After hearing some of the stories, it's comforting to know that time has helped the healing; but it's also plain to see that the base alloy of pain remains.
Jimmy Belmont is buried next to his mother Sandy "Mom" Belmont at Sunset Memorial Park in Feasterville, Pennsylvania.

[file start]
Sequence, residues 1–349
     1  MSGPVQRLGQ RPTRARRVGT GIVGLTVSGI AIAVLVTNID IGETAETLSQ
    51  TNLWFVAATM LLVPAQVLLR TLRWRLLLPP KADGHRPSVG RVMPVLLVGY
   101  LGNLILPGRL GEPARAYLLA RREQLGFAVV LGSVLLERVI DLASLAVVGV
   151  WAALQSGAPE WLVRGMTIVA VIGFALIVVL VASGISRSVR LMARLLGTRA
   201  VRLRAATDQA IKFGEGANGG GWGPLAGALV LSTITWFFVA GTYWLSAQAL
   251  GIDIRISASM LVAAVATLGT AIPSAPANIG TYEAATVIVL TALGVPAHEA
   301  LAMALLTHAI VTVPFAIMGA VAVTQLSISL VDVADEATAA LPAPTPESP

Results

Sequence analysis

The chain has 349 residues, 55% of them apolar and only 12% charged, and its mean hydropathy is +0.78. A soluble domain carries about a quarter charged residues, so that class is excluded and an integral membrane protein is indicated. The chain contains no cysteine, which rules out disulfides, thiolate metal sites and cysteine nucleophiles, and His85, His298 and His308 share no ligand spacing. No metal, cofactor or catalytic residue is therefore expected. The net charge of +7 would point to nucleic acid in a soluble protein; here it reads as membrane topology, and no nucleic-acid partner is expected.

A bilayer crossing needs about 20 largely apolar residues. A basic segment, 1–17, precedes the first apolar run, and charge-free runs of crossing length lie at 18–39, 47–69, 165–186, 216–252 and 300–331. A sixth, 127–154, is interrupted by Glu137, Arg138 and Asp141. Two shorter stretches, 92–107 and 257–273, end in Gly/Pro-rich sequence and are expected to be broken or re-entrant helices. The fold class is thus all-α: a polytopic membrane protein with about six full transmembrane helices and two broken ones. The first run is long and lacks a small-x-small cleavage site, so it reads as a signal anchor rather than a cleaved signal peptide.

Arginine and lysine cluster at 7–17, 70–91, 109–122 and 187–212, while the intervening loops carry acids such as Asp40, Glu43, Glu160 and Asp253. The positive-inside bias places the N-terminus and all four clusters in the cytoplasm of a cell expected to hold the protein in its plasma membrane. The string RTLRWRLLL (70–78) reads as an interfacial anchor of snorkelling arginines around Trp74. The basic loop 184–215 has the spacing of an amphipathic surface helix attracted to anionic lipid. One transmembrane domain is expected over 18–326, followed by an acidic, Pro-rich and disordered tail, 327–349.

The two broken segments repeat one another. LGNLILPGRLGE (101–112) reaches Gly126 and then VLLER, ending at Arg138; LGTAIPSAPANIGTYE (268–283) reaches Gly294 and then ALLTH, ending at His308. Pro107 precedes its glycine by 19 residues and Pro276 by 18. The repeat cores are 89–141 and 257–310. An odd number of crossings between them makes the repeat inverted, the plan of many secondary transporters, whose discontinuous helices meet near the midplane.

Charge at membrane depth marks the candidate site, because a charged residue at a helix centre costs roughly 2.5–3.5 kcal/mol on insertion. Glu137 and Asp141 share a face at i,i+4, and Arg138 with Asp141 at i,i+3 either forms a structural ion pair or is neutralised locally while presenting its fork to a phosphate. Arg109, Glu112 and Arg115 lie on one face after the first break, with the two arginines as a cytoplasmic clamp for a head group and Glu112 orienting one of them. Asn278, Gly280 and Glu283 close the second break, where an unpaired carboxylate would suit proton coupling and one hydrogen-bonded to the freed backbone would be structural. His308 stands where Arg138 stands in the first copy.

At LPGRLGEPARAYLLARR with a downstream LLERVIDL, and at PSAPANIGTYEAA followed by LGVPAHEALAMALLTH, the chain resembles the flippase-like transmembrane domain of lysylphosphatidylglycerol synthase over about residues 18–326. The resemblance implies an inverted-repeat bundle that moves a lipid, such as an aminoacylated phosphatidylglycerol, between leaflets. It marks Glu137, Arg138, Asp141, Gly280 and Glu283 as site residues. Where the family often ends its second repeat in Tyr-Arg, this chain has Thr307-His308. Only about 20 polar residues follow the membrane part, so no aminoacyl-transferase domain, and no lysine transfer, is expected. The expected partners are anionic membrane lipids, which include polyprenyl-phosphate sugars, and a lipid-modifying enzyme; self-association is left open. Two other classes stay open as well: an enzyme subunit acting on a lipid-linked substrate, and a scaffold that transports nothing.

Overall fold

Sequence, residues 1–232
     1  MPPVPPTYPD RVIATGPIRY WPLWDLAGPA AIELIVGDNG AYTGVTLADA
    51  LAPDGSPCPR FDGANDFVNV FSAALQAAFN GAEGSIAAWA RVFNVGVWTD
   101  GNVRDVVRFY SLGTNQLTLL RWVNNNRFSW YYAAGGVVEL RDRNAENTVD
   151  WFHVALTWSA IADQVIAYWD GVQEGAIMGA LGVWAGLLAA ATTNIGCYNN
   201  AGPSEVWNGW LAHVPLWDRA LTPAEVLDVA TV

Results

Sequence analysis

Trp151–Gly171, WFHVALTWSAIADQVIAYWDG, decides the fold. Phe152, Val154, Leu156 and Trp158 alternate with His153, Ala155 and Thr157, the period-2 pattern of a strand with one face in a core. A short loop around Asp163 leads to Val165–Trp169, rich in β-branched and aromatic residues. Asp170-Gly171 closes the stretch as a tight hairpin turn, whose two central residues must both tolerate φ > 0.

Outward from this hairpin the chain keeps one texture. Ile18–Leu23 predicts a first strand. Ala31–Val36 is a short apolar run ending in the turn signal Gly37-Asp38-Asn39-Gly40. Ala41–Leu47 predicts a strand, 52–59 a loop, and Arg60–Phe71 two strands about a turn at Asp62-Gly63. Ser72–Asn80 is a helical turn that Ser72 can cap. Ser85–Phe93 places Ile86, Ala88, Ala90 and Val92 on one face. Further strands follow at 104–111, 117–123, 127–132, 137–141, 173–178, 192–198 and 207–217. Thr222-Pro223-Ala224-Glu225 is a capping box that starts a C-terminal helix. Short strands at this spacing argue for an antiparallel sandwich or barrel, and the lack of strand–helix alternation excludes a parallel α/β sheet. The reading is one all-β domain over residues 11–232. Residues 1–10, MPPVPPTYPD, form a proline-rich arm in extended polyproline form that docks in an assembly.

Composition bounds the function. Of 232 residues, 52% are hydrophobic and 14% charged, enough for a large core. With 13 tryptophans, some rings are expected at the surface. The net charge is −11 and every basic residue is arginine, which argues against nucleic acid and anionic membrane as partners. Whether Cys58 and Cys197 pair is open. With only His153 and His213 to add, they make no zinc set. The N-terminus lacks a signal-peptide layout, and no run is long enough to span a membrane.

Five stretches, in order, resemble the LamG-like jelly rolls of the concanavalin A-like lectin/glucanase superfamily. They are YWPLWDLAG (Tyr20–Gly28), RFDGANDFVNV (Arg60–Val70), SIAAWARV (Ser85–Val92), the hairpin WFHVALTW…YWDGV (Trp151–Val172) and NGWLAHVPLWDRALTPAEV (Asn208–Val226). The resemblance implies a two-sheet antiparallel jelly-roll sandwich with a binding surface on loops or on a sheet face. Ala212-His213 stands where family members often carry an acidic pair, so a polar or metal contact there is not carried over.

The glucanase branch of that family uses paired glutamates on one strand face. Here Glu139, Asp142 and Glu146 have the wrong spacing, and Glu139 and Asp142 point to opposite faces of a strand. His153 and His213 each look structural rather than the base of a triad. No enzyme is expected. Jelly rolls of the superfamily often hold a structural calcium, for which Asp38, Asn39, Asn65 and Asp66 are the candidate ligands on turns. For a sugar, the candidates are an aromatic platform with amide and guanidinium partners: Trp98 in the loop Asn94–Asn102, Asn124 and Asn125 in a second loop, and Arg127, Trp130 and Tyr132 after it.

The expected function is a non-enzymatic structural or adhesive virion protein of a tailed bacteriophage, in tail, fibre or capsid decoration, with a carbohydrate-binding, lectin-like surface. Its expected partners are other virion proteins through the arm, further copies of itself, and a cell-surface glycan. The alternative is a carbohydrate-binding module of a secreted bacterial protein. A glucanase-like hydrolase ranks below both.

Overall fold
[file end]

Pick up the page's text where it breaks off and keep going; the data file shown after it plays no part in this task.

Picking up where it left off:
Editor's Notes: Since I started with this photo, it seemed appropriate to end with it, to try and capture the essence of who he was. I know faces, and there's something here with this one. The look in his eyes is memorizing. He knows something the rest of us don't. That cat's clearly going places, whether anyone knew it or not. Jimmy Belmont sounds exactly like the person I would have liked to have gotten to know...that free-spirited type, whose mind you always wanted to tap into, a rebel with a cause who would always lead you on an amazing adventure. By all accounts, he was one cool dude who was not afraid to be who he was...that takes courage. If he was a bit different with a "black sheep" flare during the rough patches, so be it. Truth is, we're all different, which should always be celebrated, nothing less. Jimmy Belmont would have been something great. Of course his brother Andy is quick to point out that "he was already great." But oh what might have been. Some of the words used to describe Jimmy from the people who knew him best...articulate, drop-dead handsome, great personality, kind, caring, loving, exceptionally intelligent, troubled at times, fearless, proud, black sheep, rebel, determined, interesting, creative, colorful, brave, adventurous, free-spirited, brilliant, liked racing but more into horticulture. To me, this sounds like the making of a fascinating man who could have conquered the world, and would not have been a bit afraid to go after it. He didn't want to be anyone else other than who he was, and that's off-the-charts admirable. He wasn't really the odd man out after all. He was Jimmy Belmont. Rest in peace...